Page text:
Consumer response: "I don't mind my favorite brands being part of the fun."

Example: Angry Birds & Fox animated motion picture Rio (10 million downloads in 10 days)


4. Transmedia Gaming

Consumers are multi-screen-tasking when watching TV.  According to a Harris Interactive survey, 56% of Americans watching TV concurrently surf the Internet, 40% visit a social networking site while 37% are busy texting. Brands will never win the fight of dedicated attention to one screen as consumers are no longer programmed that way. This forces brands to work harder to ensure they aren’t just “present” across devices, but that all these devices are seamlessly talking to each other as the consumer influences the content.

Consumer Response: "Let me continue game-play on any device I choose."

Example: Mattel's "Reuniting of Barbie and Ken"

5. Compliance/CRM Gaming

A major concern in the pharma/health industry is compliance of product usage. A common reaction from marketers is to set up voluntary email or text reminders. But what tends to happen over time is the consumer becomes annoyed by standard messaging that merely reminds them they're deficient. Not a mood any brand wants to be associated with. What if the industry could move consumers from a feeling of "I'm different" to "I'm special" using games?

Bayer introduced the Didget blood glucose meter that plugs into a Nintendo DS and rewards kids with games for consistent testing. So, when a 14-year-old boy who's recently discovered he's diabetic experiences feelings of inadequacy and even daily compliance refusal sets in, a brand stepped in to make him feel exclusive. Think how your brand can use gaming to keep your loyal customers over-time.

Consumer response: "I'll stay loyal knowing that with repeat usage or purchases of products I'm getting more than just the product."

Example: Bayer Digit's Blood Glucose Monitoring System & Nintendo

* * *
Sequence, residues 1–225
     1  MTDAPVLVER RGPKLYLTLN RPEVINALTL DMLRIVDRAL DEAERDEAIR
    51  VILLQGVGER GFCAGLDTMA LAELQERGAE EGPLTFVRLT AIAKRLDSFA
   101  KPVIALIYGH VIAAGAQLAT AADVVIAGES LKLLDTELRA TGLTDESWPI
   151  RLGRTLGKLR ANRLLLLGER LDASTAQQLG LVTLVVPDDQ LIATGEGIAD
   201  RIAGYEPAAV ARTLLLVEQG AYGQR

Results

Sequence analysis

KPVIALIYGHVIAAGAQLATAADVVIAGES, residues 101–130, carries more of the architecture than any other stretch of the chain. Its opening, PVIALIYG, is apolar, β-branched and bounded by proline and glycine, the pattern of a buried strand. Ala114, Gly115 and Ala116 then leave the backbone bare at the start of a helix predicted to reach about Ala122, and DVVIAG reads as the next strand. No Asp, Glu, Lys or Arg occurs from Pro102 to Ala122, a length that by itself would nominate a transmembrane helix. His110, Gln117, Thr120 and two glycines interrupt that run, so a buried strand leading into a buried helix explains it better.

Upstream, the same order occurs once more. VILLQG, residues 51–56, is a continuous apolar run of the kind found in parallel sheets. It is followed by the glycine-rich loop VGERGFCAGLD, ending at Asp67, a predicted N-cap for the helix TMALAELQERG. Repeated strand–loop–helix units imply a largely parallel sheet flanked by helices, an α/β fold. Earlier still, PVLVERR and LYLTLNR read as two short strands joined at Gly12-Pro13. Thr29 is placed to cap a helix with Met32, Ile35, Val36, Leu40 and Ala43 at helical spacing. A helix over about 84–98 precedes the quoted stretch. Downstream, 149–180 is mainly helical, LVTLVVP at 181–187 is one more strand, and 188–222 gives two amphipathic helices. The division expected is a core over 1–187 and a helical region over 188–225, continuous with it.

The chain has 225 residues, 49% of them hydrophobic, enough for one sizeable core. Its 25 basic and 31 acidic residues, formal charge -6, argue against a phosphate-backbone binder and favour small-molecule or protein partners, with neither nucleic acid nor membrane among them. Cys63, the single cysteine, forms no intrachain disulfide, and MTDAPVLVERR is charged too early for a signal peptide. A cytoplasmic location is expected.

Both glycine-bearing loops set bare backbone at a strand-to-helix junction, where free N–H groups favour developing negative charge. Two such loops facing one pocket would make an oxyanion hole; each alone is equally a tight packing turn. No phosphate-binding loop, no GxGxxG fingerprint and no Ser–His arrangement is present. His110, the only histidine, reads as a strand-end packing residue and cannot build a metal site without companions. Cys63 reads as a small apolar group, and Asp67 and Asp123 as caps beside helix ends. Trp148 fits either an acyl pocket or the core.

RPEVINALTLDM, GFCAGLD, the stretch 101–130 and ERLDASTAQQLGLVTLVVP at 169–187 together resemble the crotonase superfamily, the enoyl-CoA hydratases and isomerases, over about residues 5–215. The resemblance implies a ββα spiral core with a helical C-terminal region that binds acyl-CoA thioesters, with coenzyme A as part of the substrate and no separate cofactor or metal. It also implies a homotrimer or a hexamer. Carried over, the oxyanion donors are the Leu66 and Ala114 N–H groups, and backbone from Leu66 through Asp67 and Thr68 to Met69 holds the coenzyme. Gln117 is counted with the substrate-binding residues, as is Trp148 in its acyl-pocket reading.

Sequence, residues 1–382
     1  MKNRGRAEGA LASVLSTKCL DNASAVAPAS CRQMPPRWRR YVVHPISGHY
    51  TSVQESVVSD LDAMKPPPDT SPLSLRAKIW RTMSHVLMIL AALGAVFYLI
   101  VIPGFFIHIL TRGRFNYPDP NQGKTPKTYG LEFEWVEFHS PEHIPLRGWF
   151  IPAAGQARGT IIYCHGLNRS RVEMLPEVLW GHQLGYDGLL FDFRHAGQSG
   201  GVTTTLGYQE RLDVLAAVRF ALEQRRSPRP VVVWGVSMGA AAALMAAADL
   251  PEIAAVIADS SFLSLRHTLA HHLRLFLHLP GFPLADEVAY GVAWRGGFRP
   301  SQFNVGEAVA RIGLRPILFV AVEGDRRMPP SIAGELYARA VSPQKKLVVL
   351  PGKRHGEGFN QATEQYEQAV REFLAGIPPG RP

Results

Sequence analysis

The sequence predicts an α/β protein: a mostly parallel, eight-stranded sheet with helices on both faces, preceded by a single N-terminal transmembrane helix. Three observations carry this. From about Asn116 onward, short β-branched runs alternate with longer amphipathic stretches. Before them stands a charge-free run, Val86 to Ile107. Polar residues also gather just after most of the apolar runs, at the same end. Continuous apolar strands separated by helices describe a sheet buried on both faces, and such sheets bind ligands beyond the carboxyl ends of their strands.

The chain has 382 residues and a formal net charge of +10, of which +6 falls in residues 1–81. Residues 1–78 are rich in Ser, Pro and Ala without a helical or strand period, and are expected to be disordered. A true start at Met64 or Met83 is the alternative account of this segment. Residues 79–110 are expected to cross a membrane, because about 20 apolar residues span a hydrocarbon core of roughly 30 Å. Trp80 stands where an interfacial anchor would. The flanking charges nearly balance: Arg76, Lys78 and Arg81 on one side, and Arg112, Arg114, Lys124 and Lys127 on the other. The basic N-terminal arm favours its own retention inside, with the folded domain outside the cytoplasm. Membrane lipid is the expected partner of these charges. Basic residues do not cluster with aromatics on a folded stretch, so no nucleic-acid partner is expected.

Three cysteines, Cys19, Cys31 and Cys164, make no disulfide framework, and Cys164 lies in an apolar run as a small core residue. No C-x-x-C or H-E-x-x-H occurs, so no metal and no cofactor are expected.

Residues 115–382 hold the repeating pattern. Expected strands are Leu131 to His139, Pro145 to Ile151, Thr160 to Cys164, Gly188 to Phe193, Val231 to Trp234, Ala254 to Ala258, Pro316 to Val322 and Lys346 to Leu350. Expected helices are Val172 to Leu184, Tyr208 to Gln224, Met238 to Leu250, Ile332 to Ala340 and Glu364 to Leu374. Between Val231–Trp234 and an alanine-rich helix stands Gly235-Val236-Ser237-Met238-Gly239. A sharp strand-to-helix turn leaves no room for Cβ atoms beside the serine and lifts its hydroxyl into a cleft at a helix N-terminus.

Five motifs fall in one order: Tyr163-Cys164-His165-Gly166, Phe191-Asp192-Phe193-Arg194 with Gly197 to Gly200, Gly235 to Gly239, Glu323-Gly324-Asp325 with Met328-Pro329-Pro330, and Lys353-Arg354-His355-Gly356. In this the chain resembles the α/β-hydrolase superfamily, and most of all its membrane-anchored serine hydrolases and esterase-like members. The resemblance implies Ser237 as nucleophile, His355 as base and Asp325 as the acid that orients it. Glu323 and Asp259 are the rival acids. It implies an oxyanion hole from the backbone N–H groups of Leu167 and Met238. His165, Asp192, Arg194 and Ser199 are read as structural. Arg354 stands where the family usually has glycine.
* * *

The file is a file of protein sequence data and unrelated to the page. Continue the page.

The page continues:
6. Location-based gaming platforms

The most consumer-responded mobile marketing campaigns are those that use all three unique capabilities of mobile devices: GPS-enabled, camera-ready and tied to social directory/network. As we've seen, gaming is not always for private consumption. It can enhance social experiences by being virtually present at the very location where consumer groups happen to be and even direct purchasing and behavioral patterns.

Consumer response: "Everyone with me has a phone, give us virtual challenges that we can access with what's around."

Example: Buffalo Wild Wings & Scvngr

7. Digital Out-of-Home Gaming

In March of this year, the CEO of billboard advertising company Clear Channel International said, "Ninety percent of outdoor advertising will be delivered digitally by 2020." This means you'll see fewer breakfast menu items advertised during dinner hours as content becomes more relevant. In addition, these digital screens placed in such places as coffee shops, airports, cars and by highways will allow for public game play.

Example: McDonald's "Pick n Play"

What other ways can you think of to enter the mobile gaming world and how could Tag be used to help implement that? Let us know with your comments below or on Facebook or Twitter.

Recent Comments
  • Kate Morris

    09/13/2011 , 10:13 AM
    Love the angry birds twilight saga video. Thanks!
  • Mike Matthews

    09/14/2011 , 9:13 PM
    Agreed Kate! With over 10M downloads in the first 10 days it shows that as long as you don't interrupt consumer game-play, they're OK with it. Last I checked there's 450K apps just in the iTunes store. If you sell flea killers, I guarantee there's a fun game out there of flea's dying that you could skin with your brand. Thanks for reading! @mobilematthews